I'm not missing the point. The argument is clear. I just think there's a lot of people that are wrong, and it very well could be many of my very old play groups. I still have a hard time accepting that if a monster is not out of a square after a movement that he left the square simply for moving over that square.

The function of this campaign is the broken power level. It's worked for two years of play on the slow track, it's fun, but only if there are no rules arguments (as in any good game).

After over two years of play the only real rules contention (other than a clutch of players trying to chain the diameters for spells like Confusion) is this one argument here.

I have players in two groups that all swear the rules go one way, which is the way I've played it since 3.0 with one of these groups on Tabletop through multiple game masters. And another group of players who have brought this argument up who really benefit from it going another way, which it seems most folks here agree with, and which is contrary to 20+ years of gaming experience as I've never seen this interpretation of the rules before now.

"When a large creature moves 5', it leaves 4 squares. It also enters 4 squares. Depending on the direction of movement (orthogonal vs diagonal) 1 or 2 of the squares left will overlap with 1 or 2 of the squares entered."

This seems wrong and flys in the face of 20+ years of tabletop play.

Could it be that entire play groups have gotten this one wrong for years and years?

If a large creature is still in squares after a movement, did it really leave those squares? I still have yet to see a rules link that says yes or no.

I'm probably gonna get more crap for the runaway power level of the campaign, but a large (by 3pp race) level 13 PC going huge after a buff with a ranged weapon and 10+ AoO's is hands down the toughest of 24 pc's (out of 4 separate games ran out of the same campaign) to deal with.

Now I'm seeing this ruling, which feels contrary to the logic of the game that I've been playing since 3.0, making this one PC even stronger.

Wouldn't it make sense that equal sized enemies trump each other's AoO's similar to the fact that you need equal level spells to trump each other?

I'm probably just going to have to make a ruling here which is contrary to the feedback I'm getting. In the mean time I think I'm going to be seeking out some D&D 3.0 rules gurus to see if I can find anything different in the system that I learned originally which has changed little in the way of this very rule I think.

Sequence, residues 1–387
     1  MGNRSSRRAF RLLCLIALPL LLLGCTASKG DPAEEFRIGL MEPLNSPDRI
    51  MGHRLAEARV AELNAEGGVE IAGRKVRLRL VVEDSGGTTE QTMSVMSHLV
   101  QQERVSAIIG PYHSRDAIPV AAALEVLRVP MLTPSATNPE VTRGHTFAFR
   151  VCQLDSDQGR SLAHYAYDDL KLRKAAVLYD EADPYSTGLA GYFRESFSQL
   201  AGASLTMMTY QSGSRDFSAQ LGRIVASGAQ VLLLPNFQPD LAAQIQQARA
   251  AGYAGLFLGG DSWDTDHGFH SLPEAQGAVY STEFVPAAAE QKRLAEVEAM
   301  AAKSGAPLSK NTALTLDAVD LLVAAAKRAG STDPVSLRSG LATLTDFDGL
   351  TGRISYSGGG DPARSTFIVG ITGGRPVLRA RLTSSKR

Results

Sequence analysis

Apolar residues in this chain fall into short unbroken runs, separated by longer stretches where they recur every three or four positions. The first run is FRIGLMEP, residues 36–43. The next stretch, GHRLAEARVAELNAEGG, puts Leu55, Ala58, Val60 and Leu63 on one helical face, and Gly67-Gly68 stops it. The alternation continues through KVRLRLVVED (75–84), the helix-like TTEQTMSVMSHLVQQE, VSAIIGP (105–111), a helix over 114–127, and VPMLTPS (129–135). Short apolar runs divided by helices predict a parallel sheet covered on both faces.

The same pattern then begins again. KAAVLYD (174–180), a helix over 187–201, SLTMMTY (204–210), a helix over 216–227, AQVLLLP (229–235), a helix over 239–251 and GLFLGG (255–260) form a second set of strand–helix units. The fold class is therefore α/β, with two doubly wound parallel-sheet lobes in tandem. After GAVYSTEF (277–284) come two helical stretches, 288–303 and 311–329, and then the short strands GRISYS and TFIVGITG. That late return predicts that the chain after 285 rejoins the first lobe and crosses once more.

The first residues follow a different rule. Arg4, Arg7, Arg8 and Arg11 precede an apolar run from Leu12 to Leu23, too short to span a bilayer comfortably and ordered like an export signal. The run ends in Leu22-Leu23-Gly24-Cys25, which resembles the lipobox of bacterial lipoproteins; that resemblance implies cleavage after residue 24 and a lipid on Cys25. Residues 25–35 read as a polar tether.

I'm getting different responses here from @diegorossi & @Belafon.

I'm leaning toward Belafon's response:
-A large (2x2 or more) creature is moving. When he starts his movement he is not threatened in any squares.
-As he moves, he enters a threatened square.
-At this point he only continues moving for 5 feet more. At no point does he ever "move out of" the threatened square because some part of him is always in that threatened square.

as this was my logic initially. Somehow Diego's response of
"A 20'x20' using a move action to move provokes in all its squares as all the parts of the creature are moving out of their current squares. "
does not make logical sense to me - if a creature is still inside a threatened area after a move action then logically he never left a threatened area.

@Rawmonger The good reason is behind a single broken PC with too many AoO's and too much reach. Without forcing the character to re-roll I'm trying to make sure we have fair and balanced rules regarding my approaches to the character with equal sized mobs.

My question is a simple one that has spawned endless debate in multiple games -

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Does a Large creature move out of 2 squares or 4 when moving laterally? Or if moving diagonally does a large creature leave three squares or four with each step?
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This of course pertains to provoking attacks of opportunity in the Pathfinder 1 system, and assumes there is no charge and the movement is not a 5-foot step.

My players are arguing that the leading edge of large or bigger creatures provoke when moving toward a large PC. I posit that the leading edge of such creatures are simply moving through a threatened area and not leaving the threatened area since the creature is still within the threatened area after the move, which logically means the creature did not leave the threatened area.

Disregard - your kind folks working the Email queue finally got back to me and explained why it wasn't working.

I was just charged three times for three PDFs - it seemed like the final confirmation button on the payment process was broken. It did not complete the payment on your website so the items are still in my cart, but my bank was charged three times.

I've tried calling to a busy signal and I've left an email. I need someone to help me resolve this issue. I don't even know how I'm going to catch a response or resolve this on these forums.

-mjthornton84@gmail.com